All you have to do is take intentional breaks from absorbing information so that you have enough time to forget it. These breaks can be short when you are first learning something: 15 minutes, 2 hours, and 1 day. And as you get better at the subject, the breaks may grow longer, up to days, weeks, or even months. 


What you learn will stick in your long-term memory better the more time you give it to rest between reviews.

But you shouldn't go from short intervals to longer ones right away; build up to them over time and be ready to shorten them again if you forget something.


Don't mix things up; instead, focus on learning one thing at a time.

It's better to switch up what and how you practice or study rather than doing the same thing in the same way over and over again until you think you understand it. 

Interleaving means you make your learning process diverse and practice different kinds of subjects, topics, and exercises. Plan to study more than one subject at a time, or make sure your study plan includes a variety of tasks and problems.

Yes, adding more details could make things a little harder but this small extra task is a good thing for retaining information in your mind for a longer time period. 

Retrieving different pieces of information from our memories makes us more likely to remember them. 

Instead of focusing on one thing over and over again, switching things up can help us stay interested and involved in the difficult tasks we want to cover.

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Connection Building

To keep things in your memory for the long term, one thing you need to master is connection building. 

Making connections between new information and existing knowledge is a useful strategy for enhancing memory retention. This process can help you retain the new information easily and make it simpler to remember later.

Recalling information unrelated to other topics you’re studying is harder than remembering information that is well-connected to the concepts you revise every day. If you are unable to connect information to anything you already know, think outside the box and come up with an odd association. 

Making funny or weird connections is sometimes the best method for helping you recall what you have studied.

For example, let's say you are trying to memorize the temperature at which water boils at sea level, that is 212 degrees Fahrenheit.

Now, what you can do to recall it is that the number 212 is the first three digits of your friend’s phone number. Imagine your friend tossing her phone into boiling water to make a visual connection between the two. Though strange, the connection can help you remember the figure for a longer time. 

Jot Down The Details

Since our hands and brains are directly related, writing aids are the most efficient memorization technique. 

Writing on paper causes stronger brain activity than writing on a tablet or smartphone, according to research by corresponding author and neuroscientist Kuniyoshi L. Sakai of the University of Tokyo in Japan.

During a lecture, try taking handwritten notes. Then, afterwards, organize and rewrite your notes manually when you’re revising them. Writing about the subject matter encourages you to interact with it and commit it to memory. 

Additionally, when noting down a topic, make sure you visualize it as well as pronounce it aloud.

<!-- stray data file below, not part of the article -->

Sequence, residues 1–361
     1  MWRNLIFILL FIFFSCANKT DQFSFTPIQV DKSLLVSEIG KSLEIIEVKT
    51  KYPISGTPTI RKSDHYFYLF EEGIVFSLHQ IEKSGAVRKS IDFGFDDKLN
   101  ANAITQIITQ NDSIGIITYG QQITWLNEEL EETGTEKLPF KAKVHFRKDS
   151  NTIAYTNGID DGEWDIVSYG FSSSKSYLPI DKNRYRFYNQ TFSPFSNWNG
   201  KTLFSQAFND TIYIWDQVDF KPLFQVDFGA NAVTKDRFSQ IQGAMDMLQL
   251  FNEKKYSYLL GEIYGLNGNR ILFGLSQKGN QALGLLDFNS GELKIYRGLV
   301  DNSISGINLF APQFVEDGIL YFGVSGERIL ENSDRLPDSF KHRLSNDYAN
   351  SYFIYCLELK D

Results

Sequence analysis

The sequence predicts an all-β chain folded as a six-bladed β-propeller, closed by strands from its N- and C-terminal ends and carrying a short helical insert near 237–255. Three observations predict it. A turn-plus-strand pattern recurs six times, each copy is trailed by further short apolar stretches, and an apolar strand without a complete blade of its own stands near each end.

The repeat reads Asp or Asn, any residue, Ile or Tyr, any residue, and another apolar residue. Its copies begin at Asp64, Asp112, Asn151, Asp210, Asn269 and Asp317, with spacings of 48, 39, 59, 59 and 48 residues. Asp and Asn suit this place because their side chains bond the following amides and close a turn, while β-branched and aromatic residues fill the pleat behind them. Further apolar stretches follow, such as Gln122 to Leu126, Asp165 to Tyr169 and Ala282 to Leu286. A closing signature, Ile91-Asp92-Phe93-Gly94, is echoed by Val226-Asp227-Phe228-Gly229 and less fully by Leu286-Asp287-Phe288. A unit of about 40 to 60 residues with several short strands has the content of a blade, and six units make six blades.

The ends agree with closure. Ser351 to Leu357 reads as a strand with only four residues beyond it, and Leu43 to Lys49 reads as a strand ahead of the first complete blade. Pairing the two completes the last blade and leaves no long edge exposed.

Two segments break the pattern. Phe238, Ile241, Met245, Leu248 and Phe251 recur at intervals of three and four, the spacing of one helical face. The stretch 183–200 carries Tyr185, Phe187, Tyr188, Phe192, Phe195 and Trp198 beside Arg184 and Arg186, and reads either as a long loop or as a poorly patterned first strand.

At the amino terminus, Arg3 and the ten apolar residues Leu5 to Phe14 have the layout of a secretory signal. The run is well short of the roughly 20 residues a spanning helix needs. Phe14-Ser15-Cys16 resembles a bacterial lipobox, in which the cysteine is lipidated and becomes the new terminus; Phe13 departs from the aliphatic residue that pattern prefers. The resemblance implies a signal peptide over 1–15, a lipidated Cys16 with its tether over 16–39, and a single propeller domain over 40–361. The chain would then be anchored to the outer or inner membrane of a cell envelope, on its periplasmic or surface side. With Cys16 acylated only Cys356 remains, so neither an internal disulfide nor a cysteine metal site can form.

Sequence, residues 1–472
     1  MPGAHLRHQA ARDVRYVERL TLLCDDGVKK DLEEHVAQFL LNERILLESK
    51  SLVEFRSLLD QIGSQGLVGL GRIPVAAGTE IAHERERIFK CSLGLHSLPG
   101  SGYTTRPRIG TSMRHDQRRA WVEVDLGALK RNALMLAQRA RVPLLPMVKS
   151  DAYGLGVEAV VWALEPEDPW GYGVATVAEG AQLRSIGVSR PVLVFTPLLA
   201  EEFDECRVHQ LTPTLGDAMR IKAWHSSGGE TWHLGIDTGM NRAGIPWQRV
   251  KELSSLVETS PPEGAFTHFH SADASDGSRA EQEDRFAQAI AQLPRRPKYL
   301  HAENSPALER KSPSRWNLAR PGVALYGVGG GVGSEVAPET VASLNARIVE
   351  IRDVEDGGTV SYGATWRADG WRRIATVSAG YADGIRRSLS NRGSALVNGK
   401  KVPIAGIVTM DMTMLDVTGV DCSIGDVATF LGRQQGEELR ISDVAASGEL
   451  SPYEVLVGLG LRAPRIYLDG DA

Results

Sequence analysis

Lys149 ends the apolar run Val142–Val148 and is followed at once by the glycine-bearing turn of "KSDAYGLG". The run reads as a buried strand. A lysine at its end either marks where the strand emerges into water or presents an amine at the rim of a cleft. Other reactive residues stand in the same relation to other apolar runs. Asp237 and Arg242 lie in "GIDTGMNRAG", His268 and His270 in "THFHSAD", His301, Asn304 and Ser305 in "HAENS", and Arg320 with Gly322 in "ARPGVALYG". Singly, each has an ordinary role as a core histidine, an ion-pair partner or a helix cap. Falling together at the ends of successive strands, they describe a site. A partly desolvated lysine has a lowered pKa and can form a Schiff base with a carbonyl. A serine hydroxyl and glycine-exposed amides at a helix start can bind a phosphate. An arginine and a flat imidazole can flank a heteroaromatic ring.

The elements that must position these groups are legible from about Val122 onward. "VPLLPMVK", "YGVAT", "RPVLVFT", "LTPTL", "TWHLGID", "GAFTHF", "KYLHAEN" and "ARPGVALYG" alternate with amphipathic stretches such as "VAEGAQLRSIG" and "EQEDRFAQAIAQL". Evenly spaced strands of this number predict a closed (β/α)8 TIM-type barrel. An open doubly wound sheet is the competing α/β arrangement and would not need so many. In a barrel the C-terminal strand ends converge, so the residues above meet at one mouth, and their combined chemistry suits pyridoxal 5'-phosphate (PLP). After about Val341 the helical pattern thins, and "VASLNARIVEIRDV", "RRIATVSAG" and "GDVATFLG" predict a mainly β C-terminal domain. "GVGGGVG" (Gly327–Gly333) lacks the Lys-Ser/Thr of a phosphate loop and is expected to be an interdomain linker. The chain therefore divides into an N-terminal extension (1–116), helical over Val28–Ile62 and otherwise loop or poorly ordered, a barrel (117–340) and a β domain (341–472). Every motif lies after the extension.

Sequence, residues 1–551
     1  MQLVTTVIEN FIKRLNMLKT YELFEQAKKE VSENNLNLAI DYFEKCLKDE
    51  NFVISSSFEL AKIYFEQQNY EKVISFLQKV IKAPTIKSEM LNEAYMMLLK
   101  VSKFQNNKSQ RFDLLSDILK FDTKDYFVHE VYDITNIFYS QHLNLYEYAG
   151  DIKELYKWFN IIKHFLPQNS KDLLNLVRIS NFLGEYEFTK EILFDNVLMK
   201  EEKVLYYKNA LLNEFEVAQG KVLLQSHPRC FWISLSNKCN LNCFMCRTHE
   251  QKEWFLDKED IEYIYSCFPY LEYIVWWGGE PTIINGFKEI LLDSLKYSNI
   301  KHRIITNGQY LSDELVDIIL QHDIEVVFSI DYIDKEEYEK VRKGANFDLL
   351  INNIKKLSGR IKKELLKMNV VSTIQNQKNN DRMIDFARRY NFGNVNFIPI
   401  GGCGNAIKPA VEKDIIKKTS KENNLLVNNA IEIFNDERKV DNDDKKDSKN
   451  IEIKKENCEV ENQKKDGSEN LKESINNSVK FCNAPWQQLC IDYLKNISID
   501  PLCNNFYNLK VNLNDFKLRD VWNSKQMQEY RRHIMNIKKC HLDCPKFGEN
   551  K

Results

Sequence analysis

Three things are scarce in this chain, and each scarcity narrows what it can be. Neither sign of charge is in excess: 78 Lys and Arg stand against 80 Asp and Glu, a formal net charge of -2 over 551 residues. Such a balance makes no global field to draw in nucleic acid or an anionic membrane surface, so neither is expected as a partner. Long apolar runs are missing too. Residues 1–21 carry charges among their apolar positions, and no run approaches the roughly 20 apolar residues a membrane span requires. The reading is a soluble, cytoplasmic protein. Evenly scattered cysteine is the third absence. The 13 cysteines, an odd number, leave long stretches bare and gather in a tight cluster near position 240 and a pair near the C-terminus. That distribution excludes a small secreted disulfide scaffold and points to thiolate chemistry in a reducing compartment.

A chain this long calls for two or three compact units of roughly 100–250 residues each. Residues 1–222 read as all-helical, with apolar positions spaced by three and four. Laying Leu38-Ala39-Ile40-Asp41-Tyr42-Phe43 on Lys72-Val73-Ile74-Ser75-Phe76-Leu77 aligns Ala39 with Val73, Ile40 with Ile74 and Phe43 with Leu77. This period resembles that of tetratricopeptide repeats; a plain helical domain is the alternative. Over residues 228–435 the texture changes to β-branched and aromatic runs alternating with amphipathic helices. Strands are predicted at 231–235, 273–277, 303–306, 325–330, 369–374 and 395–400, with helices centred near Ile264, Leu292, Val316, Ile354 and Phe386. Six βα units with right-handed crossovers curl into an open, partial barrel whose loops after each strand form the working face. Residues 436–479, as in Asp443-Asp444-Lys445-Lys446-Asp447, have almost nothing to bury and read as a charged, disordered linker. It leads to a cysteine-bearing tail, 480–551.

This activity will combine, three of your senses together (listening, visualizing, and writing) and make the learning process smoother.

Self-assessment Tests

It's also beneficial to test yourself in environments comparable to your exams. 

This technique, called context-dependent memory, is predicated on the idea that the setting in which you learn and retain knowledge may have an impact on your ability to remember that information in the future.

If you study in a quiet library, for instance, you will retain the material better if you take the exam in a peaceful setting.

Use this method by trying to replicate the exam environment as much as you can throughout your study sessions. This can mean finding a quiet place to study, setting a timer to match the length of the test, and staying away from distractions like social media and music. 

Studying in an environment that resembles an exam increases the chances that you will recall the material you have learned since the context offers helpful cues. 

It is also possible to take practice exams in settings like classrooms or testing centers, which are comparable to the real exam experience. A certified tutor can also help you achieve your learning goals.

The Bottom Line

You might have found some ways to reduce the frustration that comes with not remembering stuff just when you want to. But are those effective?

Our strategies are scientifically proven to help keep information in your brain for longer periods. 

Keep in mind that the more actively you retrieve the information you have studied, the more likely you are to remember it. Humans forget many things on a routine basis because we do not come across them later and do not retrieve them after a certain period. 

But when you consciously decide to engage in the information after a set time, it will not slip out of your mind anytime soon!

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With over 3 years of experience in teaching, Chloe is very deeply connected with the topics that talk about the educational and general aspects of a student's life. Her writing has been very helpful for students to gain a better understanding of their academics and personal well-being. I’m also open to any suggestions that you might have! Please reach out to me at chloedaniel402 [at]